An aspect of Paul’s conversion explains God’s ‘reluctance’ to deal with individuals Patrick Henry Reardon is a Senior Editor of Touchstone: A Journal of Mere Christianity

Even at a cursory reading of the Acts of the Apostles one notices the Lord’s reluctance – if that is the word we want – to deal with people one-to-one, bypassing the normal forms of human mediation. Of course, the Lord does speak to individuals, to be sure. For example, he gives Philip a special message to guarantee his encounter with the Ethiopian pilgrim [8.26-9]. The Lord likewise speaks to Saul of Tarsus in a direct and immediate way. The Lord does the same with both Peter and Cornelius. However, these examples, in which the Lord speaks directly to individuals, are not only exceptional in the Acts of the Apostles, they also appear in contexts that prove them to be exceptions.

These revelations are treated as preliminary and preparatory for the more significant meeting between two men. Clearest of all, I suppose, is the case of St Pauls conversion. In view of the Apostles claim to have been instructed by the Lord directly [Galatians 1.12], a close look at the recorded circumstances of that conversion is warranted. It will preserve us, I believe, from misinterpreting Pauls claim.

Jesus refuses Saul’s request

Consider the historical context: Saul the Pharisee was on his way to Damascus, ‘breathing threats and murder against the disciples of the Lord’ [9.1; cf 22.19; 26.11; 1 Corinthians 15.9; Philippians 3.6; 1 Timothy 1.13]. All at once, Jesus addressed him, calling him by name and summoning him to repentance. It was in this direct encounter that Saul requested specific directions for his life: ‘Lord, what do you want me to do?’ [9.6; 22.10]. But this request the Lord refused to grant. Instead, Saul was told, Arise and go into Damascus, and there you will be told all things which are appointed for you to do’ [9.10; 22.10]. I mention the Lords refusal here in connection with the Tow ecclesiology’ – rather popular these days – in which the believer is related to Jesus first, and to the Church second. Let me say that this is not what we find in the Acts of the Apostles. In this passage Jesus asserts, in effect, T refuse to say another word to you, Saul of Tarsus.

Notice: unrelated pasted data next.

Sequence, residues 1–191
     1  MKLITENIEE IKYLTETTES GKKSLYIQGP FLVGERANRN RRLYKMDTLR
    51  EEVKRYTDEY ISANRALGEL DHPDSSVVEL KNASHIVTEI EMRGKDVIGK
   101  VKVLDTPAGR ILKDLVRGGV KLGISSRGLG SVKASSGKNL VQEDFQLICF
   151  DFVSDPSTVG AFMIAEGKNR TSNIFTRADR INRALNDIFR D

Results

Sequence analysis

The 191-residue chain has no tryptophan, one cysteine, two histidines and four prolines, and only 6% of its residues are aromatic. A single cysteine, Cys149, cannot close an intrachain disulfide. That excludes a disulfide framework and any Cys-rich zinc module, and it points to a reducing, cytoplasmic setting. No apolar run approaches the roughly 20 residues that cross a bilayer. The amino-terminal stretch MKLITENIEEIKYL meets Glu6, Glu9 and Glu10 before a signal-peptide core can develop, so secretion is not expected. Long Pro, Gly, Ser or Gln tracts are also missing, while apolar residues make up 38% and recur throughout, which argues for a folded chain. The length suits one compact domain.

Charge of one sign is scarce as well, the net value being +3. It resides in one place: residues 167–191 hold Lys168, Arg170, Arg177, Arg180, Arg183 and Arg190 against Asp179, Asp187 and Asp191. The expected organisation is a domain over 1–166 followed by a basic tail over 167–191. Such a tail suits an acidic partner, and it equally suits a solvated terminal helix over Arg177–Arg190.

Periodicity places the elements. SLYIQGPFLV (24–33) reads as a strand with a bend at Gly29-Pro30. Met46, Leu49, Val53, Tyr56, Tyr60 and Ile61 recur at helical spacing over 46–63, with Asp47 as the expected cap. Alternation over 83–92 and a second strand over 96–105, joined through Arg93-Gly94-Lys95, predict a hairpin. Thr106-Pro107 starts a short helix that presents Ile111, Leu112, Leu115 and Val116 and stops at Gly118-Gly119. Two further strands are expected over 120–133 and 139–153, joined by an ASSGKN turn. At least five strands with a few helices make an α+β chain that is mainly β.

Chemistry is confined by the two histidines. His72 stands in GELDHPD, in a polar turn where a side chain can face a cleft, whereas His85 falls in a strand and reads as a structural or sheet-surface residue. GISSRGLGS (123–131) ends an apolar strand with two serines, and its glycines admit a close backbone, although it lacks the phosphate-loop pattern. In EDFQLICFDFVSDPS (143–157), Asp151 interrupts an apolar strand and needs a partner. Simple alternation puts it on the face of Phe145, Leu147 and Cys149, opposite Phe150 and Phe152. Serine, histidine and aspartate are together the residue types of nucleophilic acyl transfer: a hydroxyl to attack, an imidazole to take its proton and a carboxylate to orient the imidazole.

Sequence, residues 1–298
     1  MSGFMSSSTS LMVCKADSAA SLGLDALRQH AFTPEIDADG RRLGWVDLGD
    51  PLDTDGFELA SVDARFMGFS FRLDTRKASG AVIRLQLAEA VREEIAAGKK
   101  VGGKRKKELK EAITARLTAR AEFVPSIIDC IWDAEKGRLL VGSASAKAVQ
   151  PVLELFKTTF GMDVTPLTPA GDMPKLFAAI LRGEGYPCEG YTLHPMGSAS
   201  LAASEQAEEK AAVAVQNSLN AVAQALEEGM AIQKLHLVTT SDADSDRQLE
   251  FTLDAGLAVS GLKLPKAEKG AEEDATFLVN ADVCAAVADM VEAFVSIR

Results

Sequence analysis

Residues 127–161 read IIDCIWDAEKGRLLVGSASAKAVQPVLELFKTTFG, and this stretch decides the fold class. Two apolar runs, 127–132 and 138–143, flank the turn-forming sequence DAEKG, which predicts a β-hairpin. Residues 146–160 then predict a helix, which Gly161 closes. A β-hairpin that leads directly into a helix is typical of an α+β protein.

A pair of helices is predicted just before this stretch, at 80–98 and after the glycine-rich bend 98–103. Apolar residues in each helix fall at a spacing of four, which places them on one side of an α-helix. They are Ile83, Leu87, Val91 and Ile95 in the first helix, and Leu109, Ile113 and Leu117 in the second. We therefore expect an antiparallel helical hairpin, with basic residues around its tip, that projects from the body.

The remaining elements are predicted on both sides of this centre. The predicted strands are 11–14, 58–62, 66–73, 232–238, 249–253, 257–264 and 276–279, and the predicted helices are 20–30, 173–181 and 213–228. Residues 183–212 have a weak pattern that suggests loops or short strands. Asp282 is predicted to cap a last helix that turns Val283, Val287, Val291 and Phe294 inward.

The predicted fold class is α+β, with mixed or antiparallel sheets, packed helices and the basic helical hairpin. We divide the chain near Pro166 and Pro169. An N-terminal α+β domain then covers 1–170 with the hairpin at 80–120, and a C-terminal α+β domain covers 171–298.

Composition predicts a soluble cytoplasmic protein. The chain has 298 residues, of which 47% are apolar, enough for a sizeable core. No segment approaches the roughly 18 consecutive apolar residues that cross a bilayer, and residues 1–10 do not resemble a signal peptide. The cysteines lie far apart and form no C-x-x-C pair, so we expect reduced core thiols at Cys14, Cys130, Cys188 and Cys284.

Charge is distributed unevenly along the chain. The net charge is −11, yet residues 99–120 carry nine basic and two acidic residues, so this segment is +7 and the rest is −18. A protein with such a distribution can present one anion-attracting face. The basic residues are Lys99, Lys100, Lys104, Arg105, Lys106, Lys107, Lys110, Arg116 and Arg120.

Get yourself into Damascus and consult those people you were on your way to persecute. You humble your soul to the authority of my Church, because your ill treatment of those Christians was inflicted on me. I will not deal with you directly. Those people in Damascus speak for me.’

The tone and message of this text in Acts indicates, I submit, a ‘high ecclesiology’, in which the believer is normally related to Jesus within the institutional context of his Church, later described by Paul as ‘the pillar and ground of the truth’ [1 Timothy 3.15].

God’s Word is a source of unity St Augustine correctly perceived why the biblical God is ‘reluctant’, as a general rule, to instruct men directly. It would betray, he said, man’s corporate nature, which is also the condition of the Church. He wrote, ‘The state of our race would have been more seriously impaired, had God not chosen to use men as the ministers of his Word to other men.’ The very intent of that Word, he said, is to unite the hearers together in the one body of Jesus’ Church, his temple.

‘Moreover,’ wrote Augustine, ‘love itself, which ties men together in the bond of unity, would have no means of pouring soul into soul, and, as it were, mingling them to one another, if men never learned anything from their fellow men’ [De Doctrina Christiana, Preface, 6].